I can’t remember exactly how old I was, I’m guessing 14 or 15.  We were visiting Thailand over the summer and we went to a “Dairy Queen” in Bangkok for some ice cream sundaes.  I remember the coolness of the air because of the air conditioning, I remember how everything was white – the walls, the leatherette seats, the formica tables.  I sat down with my ice cream and my Dad sat next to me.  Suddenly, he started to play with my hair.  It was so unexpected that I froze.  Both because it was so out of character – my parents were not demonstrative in the slightest and it was my brother and I who instigated hugging in our family when we were in our late teens – and because I was afraid that if I moved even a fraction of an inch, he would stop.  He did stop not long after and it was never mentioned. 

The second memory was from when I was 16.  We were living in Cyprus and my father was dropping me off outside the cinema where I was meeting some friends and the boy I was dating at the time.  He’d parked so that my door opened onto the pavement side of the road.  I didn’t look as I opened my door, but I wasn’t expecting there to be any traffic to look out for.  As I opened my door, an old man on a bicycle was riding by.  He collided with the door and fell off his bike.  He was a little stunned, but he was unhurt.  However, my Dad insisted on driving him home.  I thought it was all under control, so I said goodbye to my Dad and went to meet my friends.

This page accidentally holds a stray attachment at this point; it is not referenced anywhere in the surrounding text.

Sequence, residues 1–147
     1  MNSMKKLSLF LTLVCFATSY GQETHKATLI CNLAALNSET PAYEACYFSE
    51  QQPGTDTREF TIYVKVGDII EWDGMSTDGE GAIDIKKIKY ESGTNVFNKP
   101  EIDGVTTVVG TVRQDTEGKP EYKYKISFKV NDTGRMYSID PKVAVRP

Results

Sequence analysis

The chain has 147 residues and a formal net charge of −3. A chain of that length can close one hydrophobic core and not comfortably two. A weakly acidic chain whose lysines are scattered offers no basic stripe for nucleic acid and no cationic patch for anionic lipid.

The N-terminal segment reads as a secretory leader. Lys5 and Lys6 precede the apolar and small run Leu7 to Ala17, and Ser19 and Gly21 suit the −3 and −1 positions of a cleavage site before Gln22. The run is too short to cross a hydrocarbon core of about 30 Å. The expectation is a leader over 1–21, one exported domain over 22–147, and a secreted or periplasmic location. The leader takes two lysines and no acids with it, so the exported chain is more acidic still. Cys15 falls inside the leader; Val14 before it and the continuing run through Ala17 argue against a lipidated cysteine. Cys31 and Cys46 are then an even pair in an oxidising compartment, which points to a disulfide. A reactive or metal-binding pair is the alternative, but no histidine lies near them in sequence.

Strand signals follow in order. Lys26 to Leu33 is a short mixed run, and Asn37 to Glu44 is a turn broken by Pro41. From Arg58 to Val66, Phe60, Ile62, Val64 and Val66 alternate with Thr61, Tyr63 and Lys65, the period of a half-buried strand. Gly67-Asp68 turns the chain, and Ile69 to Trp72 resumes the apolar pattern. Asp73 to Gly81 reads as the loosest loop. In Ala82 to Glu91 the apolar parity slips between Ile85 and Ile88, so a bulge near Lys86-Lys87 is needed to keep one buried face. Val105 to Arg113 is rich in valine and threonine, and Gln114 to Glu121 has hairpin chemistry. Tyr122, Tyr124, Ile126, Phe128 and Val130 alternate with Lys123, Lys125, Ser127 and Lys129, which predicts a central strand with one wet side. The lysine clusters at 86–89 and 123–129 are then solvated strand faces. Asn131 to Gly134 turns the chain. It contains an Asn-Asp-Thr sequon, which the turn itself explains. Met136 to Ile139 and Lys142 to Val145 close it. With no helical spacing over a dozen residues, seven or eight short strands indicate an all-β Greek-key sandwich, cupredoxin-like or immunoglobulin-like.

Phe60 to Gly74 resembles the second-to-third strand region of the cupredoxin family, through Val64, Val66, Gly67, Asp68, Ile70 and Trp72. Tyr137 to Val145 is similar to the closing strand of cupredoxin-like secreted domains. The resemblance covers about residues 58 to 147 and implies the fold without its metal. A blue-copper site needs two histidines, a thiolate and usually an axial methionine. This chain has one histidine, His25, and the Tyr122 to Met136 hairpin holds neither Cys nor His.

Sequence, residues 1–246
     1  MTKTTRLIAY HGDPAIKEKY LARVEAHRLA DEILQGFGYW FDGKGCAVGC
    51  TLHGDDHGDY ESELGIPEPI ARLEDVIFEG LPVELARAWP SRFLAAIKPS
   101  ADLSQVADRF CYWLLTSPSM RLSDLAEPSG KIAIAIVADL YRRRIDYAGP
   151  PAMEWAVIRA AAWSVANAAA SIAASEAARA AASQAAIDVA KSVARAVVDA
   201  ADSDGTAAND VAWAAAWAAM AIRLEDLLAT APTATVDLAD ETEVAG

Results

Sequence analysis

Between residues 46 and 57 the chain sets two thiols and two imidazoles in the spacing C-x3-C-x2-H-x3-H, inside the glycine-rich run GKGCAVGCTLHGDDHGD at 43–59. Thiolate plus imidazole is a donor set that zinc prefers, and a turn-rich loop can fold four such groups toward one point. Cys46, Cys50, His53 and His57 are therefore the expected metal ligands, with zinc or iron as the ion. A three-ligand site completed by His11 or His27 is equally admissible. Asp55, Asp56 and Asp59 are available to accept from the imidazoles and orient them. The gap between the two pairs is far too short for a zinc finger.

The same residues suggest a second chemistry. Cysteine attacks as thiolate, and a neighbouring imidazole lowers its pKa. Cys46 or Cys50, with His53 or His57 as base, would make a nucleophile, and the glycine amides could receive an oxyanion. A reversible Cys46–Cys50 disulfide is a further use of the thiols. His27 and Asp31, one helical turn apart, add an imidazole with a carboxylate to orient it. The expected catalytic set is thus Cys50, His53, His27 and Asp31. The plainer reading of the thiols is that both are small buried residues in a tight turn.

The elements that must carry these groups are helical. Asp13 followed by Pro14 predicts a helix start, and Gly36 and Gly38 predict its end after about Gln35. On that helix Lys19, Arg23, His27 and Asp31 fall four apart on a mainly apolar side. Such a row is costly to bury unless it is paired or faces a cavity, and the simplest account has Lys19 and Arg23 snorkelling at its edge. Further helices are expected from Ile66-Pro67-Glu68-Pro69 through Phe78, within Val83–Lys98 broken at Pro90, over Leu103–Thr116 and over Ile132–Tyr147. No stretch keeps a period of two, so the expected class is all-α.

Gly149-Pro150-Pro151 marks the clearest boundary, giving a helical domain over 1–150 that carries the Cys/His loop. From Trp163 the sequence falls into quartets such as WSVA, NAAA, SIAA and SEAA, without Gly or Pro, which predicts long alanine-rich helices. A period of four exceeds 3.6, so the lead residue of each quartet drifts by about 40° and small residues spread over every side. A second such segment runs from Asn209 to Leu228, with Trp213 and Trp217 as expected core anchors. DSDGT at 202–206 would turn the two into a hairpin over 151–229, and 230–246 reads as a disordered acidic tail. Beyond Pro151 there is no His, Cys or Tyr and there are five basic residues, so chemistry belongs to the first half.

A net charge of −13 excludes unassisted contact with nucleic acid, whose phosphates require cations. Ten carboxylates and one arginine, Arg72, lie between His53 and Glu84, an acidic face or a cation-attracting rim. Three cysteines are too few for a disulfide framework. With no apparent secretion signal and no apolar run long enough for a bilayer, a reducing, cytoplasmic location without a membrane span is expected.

When my Dad picked me up later, I asked how the man was.  My Dad answered that he was fine.  Otherwise, he didn’t speak, but that wasn’t unusual for him.  The next day, after I’d gotten home from school my mother waylaid me and took me into my room for a talk.  She closed the door and had her serious face on.  I immediately went into a panic, wondering what had happened, or what I might have done. 

She reported that I had bitterly disappointed my father, that he thought he’d raised me to be better than the selfish person I clearly was.  My stomach fell through the floor - my stomach, my heart, my blood - I felt like I’d been hollowed out.  I could not fathom what I might have done to deserve such a judgement.  Then she told me.  By going into the cinema to meet my friends the night before, rather than stay behind and accompany my father and the old man to his house, I’d shown myself to be utterly and wickedly selfish.  I was shocked.  Shocked that my father had felt that way but said nothing to me at the time.  Shocked even more that he couldn’t talk to me about it himself.